Tulsa Chamber: OKPOP Museum Could Give Extra Boost To Tourism Dollars

Friday, May 22nd 2015, 11:03 pm
By: News On 6

The Brady Arts District could get more artsy, with a $25 million music museum.

OKPOP has finally been approved by both the Senate and House, and now heads to the governor's office.

What's now a parking lot at 1st and Cincinnati could one day be a 75,000-square foot museum. It'd feature some of Oklahoma's brightest stars, and we're told many of them are already on board.

They're some of the biggest names anywhere - Garth Brooks, Reba McEntire, Carrie Underwood - and they're all Oklahomans.

They could soon be featured back home in a $25 million OKPOP Museum, right here in Tulsa, according to Tulsa Regional Chamber CEO, Mike Neal.

"We are absolutely jubilant and could not be more excited. Great day for the state of Oklahoma, great day for Tulsa," he said.

The day after the house failed to pass the bond proposal for the museum, it reconsidered, and approved the measure 51 to 40.

The museum would be operated by the Oklahoma Historical Society.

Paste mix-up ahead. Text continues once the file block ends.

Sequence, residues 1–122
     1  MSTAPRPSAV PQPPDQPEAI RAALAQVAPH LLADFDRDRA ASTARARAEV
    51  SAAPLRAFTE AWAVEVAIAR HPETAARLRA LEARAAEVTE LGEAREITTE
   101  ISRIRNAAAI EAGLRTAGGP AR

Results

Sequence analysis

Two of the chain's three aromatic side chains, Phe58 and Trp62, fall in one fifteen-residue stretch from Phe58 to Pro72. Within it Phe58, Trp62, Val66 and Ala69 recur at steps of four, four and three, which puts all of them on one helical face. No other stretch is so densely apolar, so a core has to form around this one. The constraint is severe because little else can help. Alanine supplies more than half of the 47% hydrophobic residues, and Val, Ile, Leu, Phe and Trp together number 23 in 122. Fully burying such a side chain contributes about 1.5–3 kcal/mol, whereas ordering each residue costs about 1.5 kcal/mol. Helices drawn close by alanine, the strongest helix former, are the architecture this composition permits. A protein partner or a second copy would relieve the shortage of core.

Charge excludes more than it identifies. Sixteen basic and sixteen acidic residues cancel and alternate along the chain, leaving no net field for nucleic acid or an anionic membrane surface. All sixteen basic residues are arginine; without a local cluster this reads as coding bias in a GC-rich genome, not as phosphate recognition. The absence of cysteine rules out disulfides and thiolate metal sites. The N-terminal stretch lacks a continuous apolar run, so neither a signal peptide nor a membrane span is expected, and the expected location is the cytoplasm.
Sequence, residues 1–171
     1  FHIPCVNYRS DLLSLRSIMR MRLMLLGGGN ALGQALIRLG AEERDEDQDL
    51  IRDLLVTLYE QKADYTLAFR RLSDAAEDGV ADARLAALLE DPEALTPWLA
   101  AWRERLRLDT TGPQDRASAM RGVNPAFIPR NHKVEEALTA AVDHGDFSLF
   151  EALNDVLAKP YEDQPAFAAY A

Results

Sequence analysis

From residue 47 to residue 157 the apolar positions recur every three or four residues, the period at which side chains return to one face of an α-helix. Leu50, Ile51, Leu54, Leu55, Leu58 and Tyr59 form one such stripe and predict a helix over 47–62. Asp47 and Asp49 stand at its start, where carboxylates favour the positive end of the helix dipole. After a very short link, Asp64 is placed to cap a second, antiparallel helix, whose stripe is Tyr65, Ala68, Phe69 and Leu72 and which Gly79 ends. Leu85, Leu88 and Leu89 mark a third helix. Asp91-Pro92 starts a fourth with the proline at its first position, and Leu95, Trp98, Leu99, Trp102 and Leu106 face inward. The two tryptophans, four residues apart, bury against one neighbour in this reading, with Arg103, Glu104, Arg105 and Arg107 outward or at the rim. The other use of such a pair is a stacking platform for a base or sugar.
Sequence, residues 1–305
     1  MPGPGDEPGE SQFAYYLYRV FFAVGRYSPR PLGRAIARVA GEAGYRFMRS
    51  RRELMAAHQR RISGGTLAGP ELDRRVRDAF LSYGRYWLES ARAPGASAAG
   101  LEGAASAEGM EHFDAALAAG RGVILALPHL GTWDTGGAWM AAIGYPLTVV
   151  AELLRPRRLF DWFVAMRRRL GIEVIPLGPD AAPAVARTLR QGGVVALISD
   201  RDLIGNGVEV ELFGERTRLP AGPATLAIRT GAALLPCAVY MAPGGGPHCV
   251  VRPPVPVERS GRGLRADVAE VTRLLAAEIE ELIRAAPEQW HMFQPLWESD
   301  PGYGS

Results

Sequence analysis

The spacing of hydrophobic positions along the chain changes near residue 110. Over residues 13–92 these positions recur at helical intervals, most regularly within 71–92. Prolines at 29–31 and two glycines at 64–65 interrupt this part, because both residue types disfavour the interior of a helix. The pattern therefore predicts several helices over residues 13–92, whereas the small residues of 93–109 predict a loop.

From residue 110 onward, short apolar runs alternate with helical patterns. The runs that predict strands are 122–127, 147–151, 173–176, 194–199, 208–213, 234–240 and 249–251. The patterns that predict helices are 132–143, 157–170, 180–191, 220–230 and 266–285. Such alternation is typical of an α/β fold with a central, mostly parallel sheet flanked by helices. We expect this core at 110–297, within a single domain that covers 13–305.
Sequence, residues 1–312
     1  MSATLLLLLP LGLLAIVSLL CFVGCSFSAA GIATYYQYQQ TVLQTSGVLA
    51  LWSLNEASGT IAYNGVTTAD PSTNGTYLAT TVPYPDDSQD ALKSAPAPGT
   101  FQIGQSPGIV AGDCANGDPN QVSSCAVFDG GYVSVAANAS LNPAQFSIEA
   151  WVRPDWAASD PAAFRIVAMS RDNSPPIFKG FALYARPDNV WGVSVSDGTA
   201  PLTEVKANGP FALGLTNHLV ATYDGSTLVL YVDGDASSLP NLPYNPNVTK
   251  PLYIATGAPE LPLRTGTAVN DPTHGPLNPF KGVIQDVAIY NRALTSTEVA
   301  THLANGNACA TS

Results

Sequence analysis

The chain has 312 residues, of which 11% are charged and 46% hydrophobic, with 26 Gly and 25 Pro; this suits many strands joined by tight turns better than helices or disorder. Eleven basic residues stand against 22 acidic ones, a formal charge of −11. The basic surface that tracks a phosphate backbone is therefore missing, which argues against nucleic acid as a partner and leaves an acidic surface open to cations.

Learn More About The OKPOP Museum

Donors have already pledged $15 million; OKPOP would then be paid for by bonds and profits.

"The business plan really calls for this to be self-sustaining, and the business plan really calls for it to need no ongoing state assistance," Neal said.

Now, the proposal needs Governor Mary Fallin's signature.

Neal said the museum, in the heart of the Brady Arts District, would give our homegrown celebs a place for their possessions.

"We have so many talented artists, the likes of Garth Brooks, Vince Gill, Kristin Chenoweth, Toby Keith, so many other people who are known not just across this country, but are known across the globe," he said.

Opponents of the monument to music said the state shouldn't be in the business of running museums.

Neal said the state makes $1.4 billion in tourism and this would give that a boost.

"The economic impact that this project will have will certainly catapult that to an ever higher level," he said.

Some of the donors include the George Kaiser Family Foundation and Bank of Oklahoma, who donated the property.

There's no timetable yet of when it could be built.